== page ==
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Army Identifies Green Beret Killed in Afghanistan

Sgt. 1st Class, Stephen B. Cribben, 33, of the 2nd Battalion, 10th Special Forces Group, was killed Nov. 4, 2017, in Logar Province, Afghanistan. (U.S. Army photo)
Sgt. 1st Class, Stephen B. Cribben, 33, of the 2nd Battalion, 10th Special Forces Group, was killed Nov. 4, 2017, in Logar Province, Afghanistan. (U.S. Army photo)

The U.S. Army has identified the Green Beret killed yesterday during combat operations in eastern Afghanistan.

The service on Sunday said the casualty was Sgt. 1st Class, Stephen B. Cribben, 33, of Simi Valley, Calif.

Cribben, a senior communications sergeant assigned to 2nd Battalion, 10th Special Forces Group at Fort Carson, Colo., was killed on Saturday "as a result of wounds sustained while engaged in combat operations," according to a release from U.S. Army Special Operations Command.

He is the second U.S. soldier to die in Logar Province in the eastern part of the country in slightly more than a week.

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Chief Warrant Officer Jacob M. Sims, a helicopter pilot with 4th Battalion, 160th Special Operations Aviation Regiment, known as the "Night Stalkers," died Oct. 27 when the helicopter he was flying in struck a tree.

The incident involving Cribben is under investigation.

"We offer our deepest condolences to the family of our fallen brother," Gen. John Nicholson, commander of U.S. Forces-Afghanistan, said in a statement on Saturday. "Despite this tragic event, we remain steadfast in our commitment to the Afghan people and to support them in our mutual fight against terrorism."

A native of Rawlins, Wyo., Cribben entered the service in 2002 and attended training at Fort Leonard Wood, Mo., to become a military police officer.

He went on to receive extensive military training and education.

Cribben completed Military Police Advanced Individual Training, Airborne School, Air Assault School, Path Finder School, Emergency Medical Technician-Basic Course, Basic Leader Course, Advanced Leader Course, Senior Leader Course, French Special Operations Language Course, Survival Evasion Resistance and Escape High Risk Course, Communications Sergeant Course, Special Warfare Operational Design Course, Special Forces Advanced Urban Combat Course, Advanced Special Operations Techniques Level II, and the Static Line Jump Master Course.

He served in numerous assignments and locations, from Europe to Asia to the Middle East.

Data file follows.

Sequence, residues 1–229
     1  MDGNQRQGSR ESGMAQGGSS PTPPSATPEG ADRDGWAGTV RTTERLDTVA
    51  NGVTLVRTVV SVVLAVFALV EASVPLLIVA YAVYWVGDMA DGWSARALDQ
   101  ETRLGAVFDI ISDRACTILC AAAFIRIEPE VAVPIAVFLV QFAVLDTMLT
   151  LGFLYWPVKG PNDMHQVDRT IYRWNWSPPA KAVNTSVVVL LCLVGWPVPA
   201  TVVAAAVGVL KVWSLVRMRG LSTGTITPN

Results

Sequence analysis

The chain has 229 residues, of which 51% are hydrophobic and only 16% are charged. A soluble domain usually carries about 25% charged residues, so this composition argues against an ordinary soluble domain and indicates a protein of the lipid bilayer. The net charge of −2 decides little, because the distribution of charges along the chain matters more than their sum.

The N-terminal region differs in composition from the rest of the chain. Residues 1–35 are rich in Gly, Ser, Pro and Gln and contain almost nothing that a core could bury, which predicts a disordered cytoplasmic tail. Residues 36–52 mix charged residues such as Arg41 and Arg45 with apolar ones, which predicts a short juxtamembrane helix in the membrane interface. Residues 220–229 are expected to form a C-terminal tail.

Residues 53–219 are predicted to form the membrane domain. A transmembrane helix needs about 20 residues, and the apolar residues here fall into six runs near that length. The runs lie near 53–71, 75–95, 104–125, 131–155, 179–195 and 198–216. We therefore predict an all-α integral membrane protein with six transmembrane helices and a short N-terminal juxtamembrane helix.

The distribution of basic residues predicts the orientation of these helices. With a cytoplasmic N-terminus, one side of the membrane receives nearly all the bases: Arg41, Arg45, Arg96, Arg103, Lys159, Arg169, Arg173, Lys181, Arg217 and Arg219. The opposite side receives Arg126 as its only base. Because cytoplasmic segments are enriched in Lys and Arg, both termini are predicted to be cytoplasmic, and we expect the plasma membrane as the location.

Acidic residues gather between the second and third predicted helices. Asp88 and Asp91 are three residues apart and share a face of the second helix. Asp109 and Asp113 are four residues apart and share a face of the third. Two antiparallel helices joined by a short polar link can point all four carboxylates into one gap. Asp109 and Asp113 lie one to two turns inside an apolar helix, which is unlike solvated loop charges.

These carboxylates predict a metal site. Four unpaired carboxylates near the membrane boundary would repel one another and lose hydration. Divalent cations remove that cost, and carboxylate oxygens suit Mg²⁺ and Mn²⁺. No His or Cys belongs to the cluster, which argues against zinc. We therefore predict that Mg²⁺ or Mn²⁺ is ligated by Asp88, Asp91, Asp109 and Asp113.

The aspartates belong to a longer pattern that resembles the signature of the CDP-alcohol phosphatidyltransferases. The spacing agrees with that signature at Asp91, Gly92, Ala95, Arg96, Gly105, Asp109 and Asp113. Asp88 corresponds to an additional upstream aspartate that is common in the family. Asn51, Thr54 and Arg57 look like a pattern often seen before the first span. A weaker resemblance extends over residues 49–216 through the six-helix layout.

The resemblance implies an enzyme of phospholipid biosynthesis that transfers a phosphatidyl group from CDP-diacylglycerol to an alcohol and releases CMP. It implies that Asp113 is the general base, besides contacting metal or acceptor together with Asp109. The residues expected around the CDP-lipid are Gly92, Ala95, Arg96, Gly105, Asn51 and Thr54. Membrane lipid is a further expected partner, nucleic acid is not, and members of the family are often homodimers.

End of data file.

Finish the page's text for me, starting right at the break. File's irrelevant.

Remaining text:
As a military police officer, Cribben deployed three times, to Egypt in 2005, to Afghanistan in 2006 and to Iraq in 2007. After completing the Special Forces Qualification Course in 2014, he deployed to Afghanistan in September.

His awards and decorations include the Bronze Star Medal, three Army Commendation Medals, nine Army Achievement Medals, a Meritorious Unit Citation, five Army Good Conduct Medals, National Defense Service Medal, Afghanistan Campaign Medal, Iraq Campaign Medal, Global War on Terrorism Expeditionary Medal, Global War on Terrorism Service Medal, Korean Defense Service Medal, Noncommissioned Officer Professional Development Ribbon-3, Army Service Ribbon, Overseas Service Ribbon-3, NATO Medal, Combat Action Badge, Special Forces Tab, Parachutist Badge, Air Assault Badge, and Path Finder Badge.

"We will honor and preserve his legacy," Col. Lawrence Ferguson, commander of the 10th Group, said in the release. "We will cherish, protect and support his Family. Our focus is with them at this time. We will never forget."

Cribben is the 13th American service member to die in Afghanistan so far in 2017, according to icasualties.org, which tracks casualties in the country.

Defense Secretary Jim Mattis last month said "more than 3,000" U.S. troops would bolster the 11,000 now on the ground "in coming months," as part of a larger push to support Afghan security forces in the 16-year-old conflict.

-- Brendan McGarry can be reached at brendan.mcgarry@military.com. Follow him on Twitter at @Brendan_McGarry.

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Army Special Forces Afghanistan Headlines Brendan McGarry

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